Womb cancer is the fourth most common cancer among women, after breast, ovarian and bowel cancers. An estimated 9,000 women in the UK are diagnosed with this disease annually, but unfortunately, not much is known about it.
Like many cancers, there’s no exact cause of womb cancer, but new research shows that there is increased risk - 88% - among people who are overweight. Other factors that make some people more prone to developing this cancer include:
- Age: One in 36 women born after 1960 in the UK will be diagnosed with womb cancer (the most common type being uterine cancer) in their lifetime, meaning it’s typically diagnosed among women above 50.
- High fat diet: As is the case with other cancers, a diet high in animal fat can increase your risk of womb cancer.
- Family history: Some people inherit genetic mutations of certain cancers from their parents, thus increasing their risk of being diagnosed with womb cancer.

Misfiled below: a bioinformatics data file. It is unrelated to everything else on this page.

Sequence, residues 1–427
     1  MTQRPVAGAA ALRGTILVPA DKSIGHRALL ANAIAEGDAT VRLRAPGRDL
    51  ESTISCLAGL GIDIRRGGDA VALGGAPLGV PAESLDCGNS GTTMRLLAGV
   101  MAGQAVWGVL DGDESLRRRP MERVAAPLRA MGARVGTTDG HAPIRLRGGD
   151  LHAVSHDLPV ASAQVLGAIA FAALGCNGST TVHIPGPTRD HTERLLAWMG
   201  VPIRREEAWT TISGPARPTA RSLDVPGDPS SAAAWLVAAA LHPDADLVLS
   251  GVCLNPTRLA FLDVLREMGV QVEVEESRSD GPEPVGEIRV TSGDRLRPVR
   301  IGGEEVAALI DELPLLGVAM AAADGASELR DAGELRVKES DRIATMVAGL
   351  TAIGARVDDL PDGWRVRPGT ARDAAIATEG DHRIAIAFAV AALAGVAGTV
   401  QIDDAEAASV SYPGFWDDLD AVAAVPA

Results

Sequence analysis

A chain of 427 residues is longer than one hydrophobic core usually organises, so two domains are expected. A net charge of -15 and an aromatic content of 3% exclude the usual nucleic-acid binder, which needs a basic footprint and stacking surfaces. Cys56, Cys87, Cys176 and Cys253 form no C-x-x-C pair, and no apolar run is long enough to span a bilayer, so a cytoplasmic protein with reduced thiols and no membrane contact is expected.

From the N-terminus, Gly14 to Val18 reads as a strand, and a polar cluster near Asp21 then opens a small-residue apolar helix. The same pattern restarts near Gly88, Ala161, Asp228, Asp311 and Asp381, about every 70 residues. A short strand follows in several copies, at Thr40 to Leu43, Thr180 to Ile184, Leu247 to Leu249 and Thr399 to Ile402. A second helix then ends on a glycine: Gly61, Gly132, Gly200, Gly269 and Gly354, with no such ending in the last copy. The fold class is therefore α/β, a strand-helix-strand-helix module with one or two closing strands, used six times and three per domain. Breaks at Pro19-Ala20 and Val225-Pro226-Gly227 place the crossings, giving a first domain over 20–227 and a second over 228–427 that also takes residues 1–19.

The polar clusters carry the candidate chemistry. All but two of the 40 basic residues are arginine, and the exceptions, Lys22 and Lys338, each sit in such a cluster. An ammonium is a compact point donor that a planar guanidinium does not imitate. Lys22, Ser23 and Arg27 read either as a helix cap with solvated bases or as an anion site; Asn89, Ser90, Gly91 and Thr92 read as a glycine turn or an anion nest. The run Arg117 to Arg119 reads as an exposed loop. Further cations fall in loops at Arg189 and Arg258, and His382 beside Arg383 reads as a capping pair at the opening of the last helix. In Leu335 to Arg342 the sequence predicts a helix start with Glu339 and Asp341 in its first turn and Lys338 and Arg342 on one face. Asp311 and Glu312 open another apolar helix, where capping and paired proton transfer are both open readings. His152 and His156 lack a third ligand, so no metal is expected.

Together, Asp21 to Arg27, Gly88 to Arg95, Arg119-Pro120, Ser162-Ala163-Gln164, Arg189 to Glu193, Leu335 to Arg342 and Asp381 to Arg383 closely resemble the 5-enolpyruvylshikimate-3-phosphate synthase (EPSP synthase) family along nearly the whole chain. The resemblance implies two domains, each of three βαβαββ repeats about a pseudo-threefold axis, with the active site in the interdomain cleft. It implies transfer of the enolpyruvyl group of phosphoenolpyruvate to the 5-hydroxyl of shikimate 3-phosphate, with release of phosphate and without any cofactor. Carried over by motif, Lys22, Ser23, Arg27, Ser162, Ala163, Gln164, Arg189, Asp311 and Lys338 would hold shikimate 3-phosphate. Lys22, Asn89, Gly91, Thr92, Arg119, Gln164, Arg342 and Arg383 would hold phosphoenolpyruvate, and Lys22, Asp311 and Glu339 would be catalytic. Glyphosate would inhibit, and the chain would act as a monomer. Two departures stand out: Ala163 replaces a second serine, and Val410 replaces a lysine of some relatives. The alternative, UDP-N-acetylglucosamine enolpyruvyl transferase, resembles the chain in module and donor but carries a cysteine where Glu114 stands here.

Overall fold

The difficulty with this type of cancer and probably why it receives so little attention is that its symptoms resemble those of many conditions. This is particularly so for any disease related to the reproductive organs.
The major sign of uterine cancer is heavy vaginal bleeding during menopause. Because it mainly affects older women who do not expect to bleed during menopause, womb cancer can be treated when detected early.
Other symptoms include:
- Vaginal bleeding between periods before menopause.
- Lower abdominal pain or cramping in your pelvis, just below your belly.
- Thin white or clear vaginal discharge if you’re postmenopausal.
- Extremely prolonged, heavy or frequent vaginal bleeding if you’re older than 40.
According to the NHS:
Having these symptoms does not definitely mean you have womb cancer. But it's important to get the symptoms checked by a GP. Do not wait to contact a GP. This is because if they're caused by cancer, finding it early can mean it's easier to treat.